Actually, a couple of times, what I did was, I just took all of the questions from previous test, put it in the new test, but mushed them all together into one giant pool. And I told the learning management system to take two items out of this pool and give them that. So, it was, who knows what exact question they’d get on those previous topics? But they were getting something from the previous topics. So, that’s a cumulative testing part. And that really had a magical effect as well. And students, the first time, they were like, “Oh, my gosh, I can’t believe how unreasonable you are, Kevin, for making us do this cumulative test. Pretest is just crazy.”
Kevin Patton (00:36:12):
After a while, they started like, “Hey, this is cool. This is working. I’m accomplishing something. I’m really smart now.” And they liked it. And it took some getting used to because it was different than what they were used to, but they liked it, and I liked it because they were doing much better as a whole.
Sponsored by AAA
Kevin Patton (00:36:33):
You might already know that a captioned audiogram and a searchable transcript of this episode are supported by AAA, the American Association for Anatomy, at anatomy.org. Now, I know I’ve mentioned this before, but AAA’s journal called Anatomical Sciences Education, or ASE for short, is an excellent source of all kinds of information about what works and what might not work so well in teaching A&P, even with content that isn’t directly about A&P. And there’s plenty of A&P content, but also the content about teaching the straight anatomy course, or about the medical school curriculum as a whole. There’s still a lot that I find useful. For example, I recently shared a link to a recent report from ASE about various effects of removing the lab part of histology education from a medical curriculum.
Kevin Patton (00:37:37):
Now, I’m not going to reveal the results, I’ll let you read them, but it did show some effects. And I think what they found can also influence how we teach histology in the undergraduate curriculum. So, even though that paper was about medical curriculum, it’s something I can still use as an A&P teacher. So, there’s a lot there. I mean, there is a lot there. So, don’t forget, HAPS members get a deep discount to AAA, so, you might want to think about joining so you can get Anatomical Sciences Education and get all of the value that I get out of it. Maybe you’ll get more value out of it than I do. Just go to anatomy.org and sign up.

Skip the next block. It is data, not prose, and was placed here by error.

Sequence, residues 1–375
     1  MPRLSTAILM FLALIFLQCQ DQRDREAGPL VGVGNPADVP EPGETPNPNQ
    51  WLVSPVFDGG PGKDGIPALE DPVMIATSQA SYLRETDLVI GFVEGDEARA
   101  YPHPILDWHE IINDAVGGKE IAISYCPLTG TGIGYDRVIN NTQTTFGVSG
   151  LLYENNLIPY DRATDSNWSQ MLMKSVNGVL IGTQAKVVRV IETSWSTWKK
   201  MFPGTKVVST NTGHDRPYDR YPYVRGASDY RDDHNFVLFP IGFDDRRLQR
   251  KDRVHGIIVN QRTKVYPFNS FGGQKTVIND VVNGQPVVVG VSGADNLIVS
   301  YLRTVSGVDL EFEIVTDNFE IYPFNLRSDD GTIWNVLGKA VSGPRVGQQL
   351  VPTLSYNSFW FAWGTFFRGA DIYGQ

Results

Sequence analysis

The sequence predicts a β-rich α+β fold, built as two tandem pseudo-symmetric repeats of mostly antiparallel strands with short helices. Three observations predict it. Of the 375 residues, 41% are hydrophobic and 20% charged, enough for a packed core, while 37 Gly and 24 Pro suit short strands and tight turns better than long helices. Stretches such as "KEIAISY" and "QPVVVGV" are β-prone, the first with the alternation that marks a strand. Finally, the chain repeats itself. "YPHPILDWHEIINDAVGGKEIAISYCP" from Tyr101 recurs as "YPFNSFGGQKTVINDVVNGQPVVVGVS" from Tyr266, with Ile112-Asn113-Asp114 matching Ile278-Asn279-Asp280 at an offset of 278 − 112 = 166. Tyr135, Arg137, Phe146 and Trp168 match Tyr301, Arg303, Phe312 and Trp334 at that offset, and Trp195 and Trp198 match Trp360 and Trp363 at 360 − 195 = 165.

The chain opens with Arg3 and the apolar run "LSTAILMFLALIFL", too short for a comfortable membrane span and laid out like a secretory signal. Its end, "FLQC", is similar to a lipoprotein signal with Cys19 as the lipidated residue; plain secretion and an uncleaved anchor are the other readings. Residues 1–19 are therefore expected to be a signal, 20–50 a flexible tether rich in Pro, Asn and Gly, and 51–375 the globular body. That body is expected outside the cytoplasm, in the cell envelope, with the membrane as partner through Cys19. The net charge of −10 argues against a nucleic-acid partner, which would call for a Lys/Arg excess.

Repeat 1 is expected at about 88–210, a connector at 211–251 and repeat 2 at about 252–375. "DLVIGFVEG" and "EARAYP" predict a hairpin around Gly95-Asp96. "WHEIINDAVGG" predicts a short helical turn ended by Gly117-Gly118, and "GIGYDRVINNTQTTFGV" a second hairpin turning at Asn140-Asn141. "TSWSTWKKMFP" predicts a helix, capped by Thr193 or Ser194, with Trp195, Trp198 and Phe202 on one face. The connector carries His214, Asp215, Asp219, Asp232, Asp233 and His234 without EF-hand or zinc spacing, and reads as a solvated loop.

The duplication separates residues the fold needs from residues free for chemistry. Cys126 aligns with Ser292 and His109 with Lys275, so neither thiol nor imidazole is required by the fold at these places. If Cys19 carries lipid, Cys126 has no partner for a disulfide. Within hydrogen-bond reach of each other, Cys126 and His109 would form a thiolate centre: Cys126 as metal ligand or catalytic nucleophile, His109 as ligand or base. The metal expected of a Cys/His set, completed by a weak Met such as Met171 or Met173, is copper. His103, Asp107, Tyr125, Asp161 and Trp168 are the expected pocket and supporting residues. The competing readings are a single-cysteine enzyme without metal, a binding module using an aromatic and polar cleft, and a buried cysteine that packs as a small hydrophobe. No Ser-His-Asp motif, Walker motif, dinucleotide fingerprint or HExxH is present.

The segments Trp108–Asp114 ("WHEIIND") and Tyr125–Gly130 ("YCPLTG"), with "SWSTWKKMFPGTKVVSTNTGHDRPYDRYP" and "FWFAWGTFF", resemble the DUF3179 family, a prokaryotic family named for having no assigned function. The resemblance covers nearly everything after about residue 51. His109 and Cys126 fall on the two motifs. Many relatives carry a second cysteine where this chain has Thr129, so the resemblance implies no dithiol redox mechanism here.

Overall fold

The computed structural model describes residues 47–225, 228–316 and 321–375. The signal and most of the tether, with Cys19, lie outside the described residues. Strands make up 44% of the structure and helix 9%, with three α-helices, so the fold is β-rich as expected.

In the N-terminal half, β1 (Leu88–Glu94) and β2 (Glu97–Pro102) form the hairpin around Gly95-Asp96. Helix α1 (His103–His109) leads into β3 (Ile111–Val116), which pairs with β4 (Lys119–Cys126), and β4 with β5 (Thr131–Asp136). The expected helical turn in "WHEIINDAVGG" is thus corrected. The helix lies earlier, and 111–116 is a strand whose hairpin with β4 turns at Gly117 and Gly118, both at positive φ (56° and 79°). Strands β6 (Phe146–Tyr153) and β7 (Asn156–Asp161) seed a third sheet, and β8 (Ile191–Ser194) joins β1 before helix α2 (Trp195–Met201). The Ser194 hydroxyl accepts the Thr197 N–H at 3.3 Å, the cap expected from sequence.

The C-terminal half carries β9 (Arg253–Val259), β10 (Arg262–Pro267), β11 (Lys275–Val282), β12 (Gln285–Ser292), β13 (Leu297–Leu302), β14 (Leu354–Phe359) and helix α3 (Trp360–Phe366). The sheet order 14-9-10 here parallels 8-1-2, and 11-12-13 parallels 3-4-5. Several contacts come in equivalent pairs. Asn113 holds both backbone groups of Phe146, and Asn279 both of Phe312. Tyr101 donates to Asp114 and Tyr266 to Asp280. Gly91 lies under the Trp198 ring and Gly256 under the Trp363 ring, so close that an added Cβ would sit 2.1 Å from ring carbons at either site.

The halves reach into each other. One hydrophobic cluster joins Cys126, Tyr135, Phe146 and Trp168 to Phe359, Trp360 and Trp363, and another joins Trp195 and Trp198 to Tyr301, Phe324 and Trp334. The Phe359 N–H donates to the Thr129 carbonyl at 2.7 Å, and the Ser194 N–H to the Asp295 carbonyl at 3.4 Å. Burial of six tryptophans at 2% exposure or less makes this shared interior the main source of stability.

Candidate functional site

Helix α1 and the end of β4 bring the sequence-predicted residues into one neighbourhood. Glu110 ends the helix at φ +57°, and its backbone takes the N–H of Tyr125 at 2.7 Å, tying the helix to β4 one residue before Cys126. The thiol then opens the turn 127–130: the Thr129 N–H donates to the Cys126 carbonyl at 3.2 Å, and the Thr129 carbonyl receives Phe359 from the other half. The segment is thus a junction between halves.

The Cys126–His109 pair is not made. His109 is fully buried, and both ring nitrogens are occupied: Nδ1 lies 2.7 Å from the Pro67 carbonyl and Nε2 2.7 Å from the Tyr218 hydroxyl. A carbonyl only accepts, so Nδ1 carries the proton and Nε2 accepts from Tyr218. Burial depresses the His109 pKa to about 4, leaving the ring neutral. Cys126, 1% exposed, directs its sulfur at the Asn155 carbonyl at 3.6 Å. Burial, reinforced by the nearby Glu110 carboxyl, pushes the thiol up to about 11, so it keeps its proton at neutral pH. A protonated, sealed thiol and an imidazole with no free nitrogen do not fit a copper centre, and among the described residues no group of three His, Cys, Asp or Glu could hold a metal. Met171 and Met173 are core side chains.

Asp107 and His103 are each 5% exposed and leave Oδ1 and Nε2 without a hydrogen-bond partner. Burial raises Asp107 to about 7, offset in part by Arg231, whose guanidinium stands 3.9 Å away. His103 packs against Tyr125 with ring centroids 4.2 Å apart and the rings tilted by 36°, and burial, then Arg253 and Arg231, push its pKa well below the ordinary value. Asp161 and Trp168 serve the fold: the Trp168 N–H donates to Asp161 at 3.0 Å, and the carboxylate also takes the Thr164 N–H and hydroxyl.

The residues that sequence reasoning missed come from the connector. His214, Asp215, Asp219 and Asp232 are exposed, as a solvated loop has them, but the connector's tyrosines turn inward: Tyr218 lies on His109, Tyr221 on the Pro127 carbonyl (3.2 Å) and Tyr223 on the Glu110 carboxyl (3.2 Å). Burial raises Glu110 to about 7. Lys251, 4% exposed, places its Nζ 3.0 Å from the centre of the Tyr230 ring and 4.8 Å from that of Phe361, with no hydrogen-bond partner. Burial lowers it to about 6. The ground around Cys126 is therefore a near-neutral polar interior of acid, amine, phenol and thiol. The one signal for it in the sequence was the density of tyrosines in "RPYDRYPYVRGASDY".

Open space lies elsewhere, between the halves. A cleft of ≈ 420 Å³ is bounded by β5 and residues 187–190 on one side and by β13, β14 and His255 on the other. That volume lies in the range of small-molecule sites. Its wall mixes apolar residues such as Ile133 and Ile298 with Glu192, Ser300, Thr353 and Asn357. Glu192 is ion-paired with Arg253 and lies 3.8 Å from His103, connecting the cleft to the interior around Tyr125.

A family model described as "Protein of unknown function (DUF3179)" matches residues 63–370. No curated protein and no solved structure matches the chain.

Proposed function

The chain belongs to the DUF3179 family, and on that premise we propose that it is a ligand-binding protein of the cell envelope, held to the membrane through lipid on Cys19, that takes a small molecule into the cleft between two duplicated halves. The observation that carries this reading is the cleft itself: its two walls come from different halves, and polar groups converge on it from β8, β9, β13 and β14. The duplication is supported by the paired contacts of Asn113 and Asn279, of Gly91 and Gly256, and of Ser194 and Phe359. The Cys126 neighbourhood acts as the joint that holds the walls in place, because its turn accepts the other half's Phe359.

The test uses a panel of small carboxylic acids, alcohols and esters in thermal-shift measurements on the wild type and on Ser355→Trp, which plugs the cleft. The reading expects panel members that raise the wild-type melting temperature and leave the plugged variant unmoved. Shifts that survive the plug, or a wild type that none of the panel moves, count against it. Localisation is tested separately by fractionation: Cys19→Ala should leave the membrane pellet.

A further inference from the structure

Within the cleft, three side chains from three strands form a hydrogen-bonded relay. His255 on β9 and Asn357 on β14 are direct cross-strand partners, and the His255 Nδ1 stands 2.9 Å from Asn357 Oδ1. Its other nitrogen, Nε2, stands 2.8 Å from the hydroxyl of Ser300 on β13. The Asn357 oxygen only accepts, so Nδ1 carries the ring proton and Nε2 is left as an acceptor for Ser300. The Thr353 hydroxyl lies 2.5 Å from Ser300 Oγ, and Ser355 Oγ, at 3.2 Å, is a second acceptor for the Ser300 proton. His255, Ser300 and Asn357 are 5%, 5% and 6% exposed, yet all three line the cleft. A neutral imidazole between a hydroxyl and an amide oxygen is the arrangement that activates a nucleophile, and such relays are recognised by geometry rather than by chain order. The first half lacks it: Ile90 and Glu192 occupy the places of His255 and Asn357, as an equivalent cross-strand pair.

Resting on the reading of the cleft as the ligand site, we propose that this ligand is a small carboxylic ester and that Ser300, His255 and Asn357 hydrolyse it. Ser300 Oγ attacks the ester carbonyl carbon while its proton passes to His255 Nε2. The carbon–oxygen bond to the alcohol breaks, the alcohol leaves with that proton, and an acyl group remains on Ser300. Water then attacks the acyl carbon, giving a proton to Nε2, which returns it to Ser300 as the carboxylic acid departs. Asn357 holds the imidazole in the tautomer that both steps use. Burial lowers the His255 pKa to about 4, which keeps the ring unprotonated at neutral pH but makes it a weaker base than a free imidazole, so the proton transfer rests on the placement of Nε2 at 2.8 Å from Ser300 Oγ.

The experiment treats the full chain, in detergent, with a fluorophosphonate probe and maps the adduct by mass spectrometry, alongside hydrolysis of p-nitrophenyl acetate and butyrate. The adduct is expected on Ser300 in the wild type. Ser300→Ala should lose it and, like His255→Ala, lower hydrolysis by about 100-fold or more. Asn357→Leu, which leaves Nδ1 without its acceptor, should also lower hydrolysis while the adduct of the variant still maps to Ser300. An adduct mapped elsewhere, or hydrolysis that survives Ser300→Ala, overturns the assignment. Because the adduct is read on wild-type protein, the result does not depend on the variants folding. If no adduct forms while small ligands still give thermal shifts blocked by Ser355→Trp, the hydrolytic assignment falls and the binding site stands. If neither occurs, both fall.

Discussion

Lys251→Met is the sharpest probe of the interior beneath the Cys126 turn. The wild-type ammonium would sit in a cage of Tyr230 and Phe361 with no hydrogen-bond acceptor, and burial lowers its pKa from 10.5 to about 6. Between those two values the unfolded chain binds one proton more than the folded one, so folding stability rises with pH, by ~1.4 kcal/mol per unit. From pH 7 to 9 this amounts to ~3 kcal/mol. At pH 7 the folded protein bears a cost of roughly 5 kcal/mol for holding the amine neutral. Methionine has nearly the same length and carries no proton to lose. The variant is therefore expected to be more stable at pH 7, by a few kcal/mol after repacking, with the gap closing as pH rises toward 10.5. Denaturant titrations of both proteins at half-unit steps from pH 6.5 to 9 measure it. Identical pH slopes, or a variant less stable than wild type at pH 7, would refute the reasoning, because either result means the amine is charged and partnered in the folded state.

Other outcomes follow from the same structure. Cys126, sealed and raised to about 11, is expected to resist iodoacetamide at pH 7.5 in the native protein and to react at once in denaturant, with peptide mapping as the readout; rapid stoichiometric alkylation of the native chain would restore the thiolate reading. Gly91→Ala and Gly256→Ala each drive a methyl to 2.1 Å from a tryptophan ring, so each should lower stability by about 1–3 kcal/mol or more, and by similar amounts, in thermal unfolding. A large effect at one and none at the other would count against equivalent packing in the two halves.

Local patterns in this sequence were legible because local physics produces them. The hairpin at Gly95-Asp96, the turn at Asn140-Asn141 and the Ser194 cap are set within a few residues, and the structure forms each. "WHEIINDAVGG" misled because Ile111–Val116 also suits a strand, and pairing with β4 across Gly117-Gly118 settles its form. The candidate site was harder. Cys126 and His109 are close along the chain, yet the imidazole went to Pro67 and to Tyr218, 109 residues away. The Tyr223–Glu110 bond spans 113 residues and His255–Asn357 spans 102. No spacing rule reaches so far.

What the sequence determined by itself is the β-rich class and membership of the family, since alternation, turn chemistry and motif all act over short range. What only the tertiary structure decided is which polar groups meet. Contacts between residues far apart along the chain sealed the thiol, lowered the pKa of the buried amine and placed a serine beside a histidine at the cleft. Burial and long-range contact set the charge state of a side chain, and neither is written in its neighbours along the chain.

High Stakes and Low Stakes
Jerry Anzalone (00:38:28):
Do unlimited retakes apply only to formative assessments such as low-stakes quizzes? And how much of the overall course grade do these unlimited test opportunities make up?
Kevin Patton (00:38:41):
Okay. So, there are really two questions there, they’re related questions, but there are two questions there. I’m going to address the first one about unlimited retakes applying only to formative tests such as low-stakes quizzes. Well, again, I mean, I have these two different kinds of courses. So, in my Pre-A&P course, which is that review course, refresher course that students can optionally take before A&P, all ten tests in the comprehensive final exam are the unlimited retakes. And yes, those are formative assessments, but that’s kind of the purpose of that course is to be formative. It’s not to see how much they know before they go into A&P, it’s to sort of brush up on what we hope they know before they go into A&P. So, it’s all about refreshing and brushing up. So, with that course, I have no problems doing that.